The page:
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‘Guess Who’ is coming to DVD

Also new: season one of ‘The Cosby Show’ and ‘The Complete Thin Man’
/ Source: The Associated Press

“Guess Who”Bernie Mac steps into Spencer Tracy’s shoes and Ashton Kutcher follows Sidney Poitier in this play-it-for-laughs update of the 1960s classic “Guess Who’s Coming to Dinner.” Mac plays a disapproving black dad who reacts with blustering horror when his little angel (Zoe Saldana) comes home for a weekend visit with her white fiance (Kutcher). The DVD has seven well-polished deleted scenes, including one in which Mac’s other daughter brings home a Samoan boyfriend. Director Kevin Rodney Sullivan offers commentary for the full movie and the deleted material, noting that he’s brutal about excising nonessential footage: “I know you’re smart. Scenes like this, which are basically there to give you more information that you can intuit on your own, end up on my cutting-room floor.” DVD, $28.95. (Sony) Original theatrical review

“Ghostbusters 1 & 2”Who you gonna call? Bill Murray. As “Broken Flowers,” the latest comic drama in Murray’s second career as king of the droll sad-sacks, arrives in theaters, this two-disc reissue of his 1980s blockbusters serves as a reminder of his roots in manic mainstream comedy. Featuring co-writers Dan Aykroyd and Harold Ramis, Sigourney Weaver and Rick Moranis, the movies star Murray as leader of a team of supernatural exterminators trying to zap gooey, ectoplasmic spirits back to the great beyond. The “Ghostbusters” DVD comes with commentary by director Ivan Reitman and Ramis, three making-of featurettes and deleted scenes. “Ghostbusters 2” is accompanied by two episodes from a 1988 animated TV spinoff. DVD set, $19.94. (Sony)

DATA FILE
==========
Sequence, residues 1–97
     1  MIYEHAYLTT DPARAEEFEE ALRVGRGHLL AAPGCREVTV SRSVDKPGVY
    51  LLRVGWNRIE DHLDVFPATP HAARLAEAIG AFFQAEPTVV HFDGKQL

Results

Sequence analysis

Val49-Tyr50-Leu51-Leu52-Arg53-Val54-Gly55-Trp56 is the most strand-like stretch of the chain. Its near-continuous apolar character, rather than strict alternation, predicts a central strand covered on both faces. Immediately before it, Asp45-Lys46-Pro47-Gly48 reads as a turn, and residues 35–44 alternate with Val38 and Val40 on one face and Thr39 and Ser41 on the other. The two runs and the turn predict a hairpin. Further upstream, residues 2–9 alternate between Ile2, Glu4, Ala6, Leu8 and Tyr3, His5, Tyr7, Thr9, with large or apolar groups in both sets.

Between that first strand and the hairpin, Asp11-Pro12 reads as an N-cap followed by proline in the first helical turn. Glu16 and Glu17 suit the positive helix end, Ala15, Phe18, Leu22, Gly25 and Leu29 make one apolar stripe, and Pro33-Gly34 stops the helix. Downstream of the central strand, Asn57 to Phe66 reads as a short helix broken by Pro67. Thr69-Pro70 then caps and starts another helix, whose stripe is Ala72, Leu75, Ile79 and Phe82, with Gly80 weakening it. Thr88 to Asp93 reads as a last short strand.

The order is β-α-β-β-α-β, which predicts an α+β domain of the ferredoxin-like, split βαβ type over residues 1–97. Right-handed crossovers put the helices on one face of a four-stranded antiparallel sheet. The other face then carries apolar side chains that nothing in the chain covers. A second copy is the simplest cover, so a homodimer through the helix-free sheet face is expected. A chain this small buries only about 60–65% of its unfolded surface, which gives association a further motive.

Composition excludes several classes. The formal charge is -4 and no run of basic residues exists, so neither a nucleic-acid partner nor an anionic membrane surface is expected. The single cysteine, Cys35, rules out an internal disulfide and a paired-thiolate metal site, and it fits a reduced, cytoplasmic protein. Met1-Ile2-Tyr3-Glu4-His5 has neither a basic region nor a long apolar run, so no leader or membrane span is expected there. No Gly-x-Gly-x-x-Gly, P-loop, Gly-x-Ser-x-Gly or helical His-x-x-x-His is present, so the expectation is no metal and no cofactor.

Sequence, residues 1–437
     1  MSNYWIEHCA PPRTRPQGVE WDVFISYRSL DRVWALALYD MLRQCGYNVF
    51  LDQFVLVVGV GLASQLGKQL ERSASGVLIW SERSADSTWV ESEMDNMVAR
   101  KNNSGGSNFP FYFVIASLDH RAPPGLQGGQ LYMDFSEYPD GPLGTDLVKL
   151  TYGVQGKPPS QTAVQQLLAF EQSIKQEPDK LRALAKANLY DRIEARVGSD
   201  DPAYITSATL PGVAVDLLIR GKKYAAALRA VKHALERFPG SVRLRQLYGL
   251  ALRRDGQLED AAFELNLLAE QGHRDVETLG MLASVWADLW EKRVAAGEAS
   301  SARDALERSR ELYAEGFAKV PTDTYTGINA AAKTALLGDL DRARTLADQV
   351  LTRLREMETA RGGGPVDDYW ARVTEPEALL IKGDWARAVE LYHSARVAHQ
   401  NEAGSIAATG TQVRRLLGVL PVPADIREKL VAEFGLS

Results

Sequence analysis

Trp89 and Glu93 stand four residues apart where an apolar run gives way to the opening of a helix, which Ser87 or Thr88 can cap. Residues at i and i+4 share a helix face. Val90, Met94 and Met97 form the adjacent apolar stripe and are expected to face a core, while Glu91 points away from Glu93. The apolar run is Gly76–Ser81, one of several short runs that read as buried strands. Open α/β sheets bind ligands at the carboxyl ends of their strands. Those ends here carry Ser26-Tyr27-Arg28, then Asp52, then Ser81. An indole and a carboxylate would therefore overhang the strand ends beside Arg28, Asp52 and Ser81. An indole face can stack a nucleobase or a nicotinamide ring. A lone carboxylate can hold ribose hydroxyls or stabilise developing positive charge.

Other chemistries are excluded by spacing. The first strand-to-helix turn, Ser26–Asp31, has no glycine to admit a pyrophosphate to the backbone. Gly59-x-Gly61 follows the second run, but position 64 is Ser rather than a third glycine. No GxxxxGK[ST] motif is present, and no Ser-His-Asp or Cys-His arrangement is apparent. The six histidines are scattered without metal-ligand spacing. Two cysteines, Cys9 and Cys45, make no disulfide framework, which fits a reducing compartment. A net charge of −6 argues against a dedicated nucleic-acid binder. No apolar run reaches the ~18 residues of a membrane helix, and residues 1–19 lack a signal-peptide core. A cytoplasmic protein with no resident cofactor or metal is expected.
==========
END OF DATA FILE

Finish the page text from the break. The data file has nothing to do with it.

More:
“The High and the Mighty,” “Island in the Sky”The first wave of long-unavailable films from the John Wayne vaults lands on DVD with these newly restored versions of two airplane adventures, both directed by William A. Wellman. The highlight is a two-disc set with 1954’s “The High and the Mighty,” a precursor to the 1970s airplane-disaster flicks, starring Wayne as a down-and-out co-pilot faced with calamity during a routine passenger flight. In 1953’s “Island in the Sky,” available on a single DVD, Wayne’s a transport pilot trying to keep his men alive after they crash onto a frozen lake in northern Canada. Both films feature introductions by critic Leonard Maltin, who also offers commentary with the director’s son, William Wellman Jr. The DVDs also have a broad range of behind-the-scenes featurettes. Other Wayne flicks coming down the road include “Hondo” and “McLintock!” “High and the Mighty” DVD set, $19.98; “Island in the Sky” DVD, $14.98. (Paramount)